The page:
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Doctoral Candidate Tackling Black Health Disparities

decorative photo of Dogan
UK counseling psychology doctoral candidate Jardin Dogan’s research is helping to eliminate mental, social and sexual health disparities for Black people.

By Elizabeth Chapin

Jardin Dogan says her clinical practice and own life experiences have inspired her research, which is helping to eliminate mental, social and sexual health disparities for Black people.

The counseling psychology doctoral candidate in the University of Kentucky’s College of Education counsels people who are experiencing mental health issues from racial trauma, substance abuse and criminal justice involvement.

“I have dealt with some of the same struggles within my own family,” said Dogan. “The truth is that many Black people are directly or indirectly impacted by these issues, but they remain taboo. Working with my clients has informed my research, which I hope will open up the dialogue on some of these issues no one really talks about.”

During her time at UK, Dogan has conducted research on topics including substance use and incarceration, identity, race-based stress and racial trauma, and Black intimacies and sexualities. She was recently honored with the UK Center for Health Equity Transformation’s (CHET) Equity Changemaker Award for her research and its impact on racial health equity.

Under the guidance of College of Education faculty mentors including Candice Hargons, Ph.D., and Danelle Stevens-Watkins, Ph.D., her scholarly work has resulted in more than 12 studies, which have been published in peer-reviewed academic journals.

Dogan has led or participated in research including studies on the association of cannabis use with race-related stress among incarcerated Black men, the exploration of Black teens’ experiences of racial identity, and power dynamics in sexual encounters of Black college students. These studies provide counseling considerations to increase mental, social and sexual wellness for Black people.

Dogan is dedicated to making her research more relevant and accessible through community outreach and social media. She shares mental health research for Black people on her Instagram account, @blkfolxtherapy, which reaches more than one million people. Since March, she has hosted seven virtual mental health and self-care workshops for Black people who are navigating synergistic pandemics of COVID-19 and anti-Black racism.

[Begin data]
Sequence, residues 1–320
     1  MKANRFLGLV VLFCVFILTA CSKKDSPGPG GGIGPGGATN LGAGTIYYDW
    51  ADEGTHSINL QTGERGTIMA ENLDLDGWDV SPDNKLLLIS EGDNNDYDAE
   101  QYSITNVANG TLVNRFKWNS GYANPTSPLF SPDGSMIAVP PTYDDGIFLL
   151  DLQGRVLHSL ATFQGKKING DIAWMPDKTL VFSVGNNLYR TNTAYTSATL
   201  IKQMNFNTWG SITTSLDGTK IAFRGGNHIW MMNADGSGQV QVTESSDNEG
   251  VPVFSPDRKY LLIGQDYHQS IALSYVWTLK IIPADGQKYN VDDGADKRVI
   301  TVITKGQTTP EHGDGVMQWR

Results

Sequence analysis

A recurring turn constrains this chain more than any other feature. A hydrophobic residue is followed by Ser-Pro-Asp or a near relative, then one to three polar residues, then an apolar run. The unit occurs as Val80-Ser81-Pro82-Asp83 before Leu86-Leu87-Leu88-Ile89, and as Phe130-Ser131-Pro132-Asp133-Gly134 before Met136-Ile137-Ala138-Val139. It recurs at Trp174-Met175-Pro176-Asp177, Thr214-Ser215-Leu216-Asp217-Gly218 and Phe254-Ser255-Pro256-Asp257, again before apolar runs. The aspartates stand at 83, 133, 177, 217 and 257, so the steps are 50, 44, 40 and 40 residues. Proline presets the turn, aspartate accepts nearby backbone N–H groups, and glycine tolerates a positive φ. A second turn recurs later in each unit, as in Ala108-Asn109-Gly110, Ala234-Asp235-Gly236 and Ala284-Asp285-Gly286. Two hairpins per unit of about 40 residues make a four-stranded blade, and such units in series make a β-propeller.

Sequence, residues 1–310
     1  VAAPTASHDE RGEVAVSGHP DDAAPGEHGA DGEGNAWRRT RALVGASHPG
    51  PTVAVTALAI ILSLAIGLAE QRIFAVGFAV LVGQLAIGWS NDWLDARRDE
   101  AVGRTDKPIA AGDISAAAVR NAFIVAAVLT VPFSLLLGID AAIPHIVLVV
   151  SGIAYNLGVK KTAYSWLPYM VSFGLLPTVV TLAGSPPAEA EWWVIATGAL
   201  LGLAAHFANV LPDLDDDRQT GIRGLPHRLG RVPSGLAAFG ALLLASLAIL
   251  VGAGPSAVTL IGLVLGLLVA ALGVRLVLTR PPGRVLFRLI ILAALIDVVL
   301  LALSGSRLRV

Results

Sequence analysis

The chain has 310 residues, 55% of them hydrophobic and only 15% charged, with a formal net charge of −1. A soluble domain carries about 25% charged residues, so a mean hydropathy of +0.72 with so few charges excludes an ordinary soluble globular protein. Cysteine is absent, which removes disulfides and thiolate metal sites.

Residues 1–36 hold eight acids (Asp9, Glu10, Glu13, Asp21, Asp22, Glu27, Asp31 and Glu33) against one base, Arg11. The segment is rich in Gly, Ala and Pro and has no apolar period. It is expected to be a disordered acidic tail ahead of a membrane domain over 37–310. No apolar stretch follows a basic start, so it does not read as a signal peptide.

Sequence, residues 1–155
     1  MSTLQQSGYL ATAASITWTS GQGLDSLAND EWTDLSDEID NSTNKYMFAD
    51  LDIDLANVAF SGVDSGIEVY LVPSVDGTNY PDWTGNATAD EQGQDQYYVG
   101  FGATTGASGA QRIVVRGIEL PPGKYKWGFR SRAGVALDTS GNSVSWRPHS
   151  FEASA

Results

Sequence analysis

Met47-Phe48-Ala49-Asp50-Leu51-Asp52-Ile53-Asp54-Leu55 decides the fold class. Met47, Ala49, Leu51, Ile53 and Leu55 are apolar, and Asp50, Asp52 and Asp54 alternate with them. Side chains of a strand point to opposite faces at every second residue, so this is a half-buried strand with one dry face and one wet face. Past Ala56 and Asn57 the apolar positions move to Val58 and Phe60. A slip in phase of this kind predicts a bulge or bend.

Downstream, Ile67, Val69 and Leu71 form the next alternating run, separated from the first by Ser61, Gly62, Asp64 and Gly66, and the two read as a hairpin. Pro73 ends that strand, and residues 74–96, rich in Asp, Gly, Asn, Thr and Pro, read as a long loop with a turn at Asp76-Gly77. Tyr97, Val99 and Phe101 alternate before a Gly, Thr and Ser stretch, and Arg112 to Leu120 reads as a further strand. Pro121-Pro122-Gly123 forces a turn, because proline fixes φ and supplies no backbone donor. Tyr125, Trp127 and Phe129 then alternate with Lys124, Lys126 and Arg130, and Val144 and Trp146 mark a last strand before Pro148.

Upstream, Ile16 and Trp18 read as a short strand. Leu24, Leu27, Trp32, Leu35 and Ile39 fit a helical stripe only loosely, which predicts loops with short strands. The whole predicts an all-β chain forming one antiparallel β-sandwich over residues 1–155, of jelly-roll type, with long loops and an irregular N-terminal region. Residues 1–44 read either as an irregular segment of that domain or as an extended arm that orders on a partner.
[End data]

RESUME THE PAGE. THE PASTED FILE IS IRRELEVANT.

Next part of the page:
“Community work is really where I find the most joy,” Dogan said. “I work with some of the most prohibited Black populations who typically don’t have access to academic research, so being able to broadcast and disseminate this information to people that may not otherwise see it is fulfilling a need.”

Dogan’s research experience has also helped guide her counseling psychology practice. She says the clinical experience she has gained at UK has allowed her to connect with the local community.

Dogan currently conducts assessments with patients at the Lexington VA Health Care System and provides clinical services to Black and Brown clients at the Center for Healing Racial Trauma, which was founded by her mentor Candice Hargons, Ph.D. She also serves as a counselor for participants in a National Institute of Drug Abuse study being led by UK College of Medicine Professor William Stoops, Ph.D. This summer, she will begin a year-long internship with the Federal Medical Center in Lexington while completing her dissertation.

After earning her doctorate, Dogan plans to join the professoriate to continue her research on Black health inequities and start a clinical practice to provide therapy services for people who were formerly incarcerated.

“Many counseling psychologists either conduct research or do clinical practice because it’s hard to prioritize both,” said Dogan. “UK has helped bridge that gap for me.”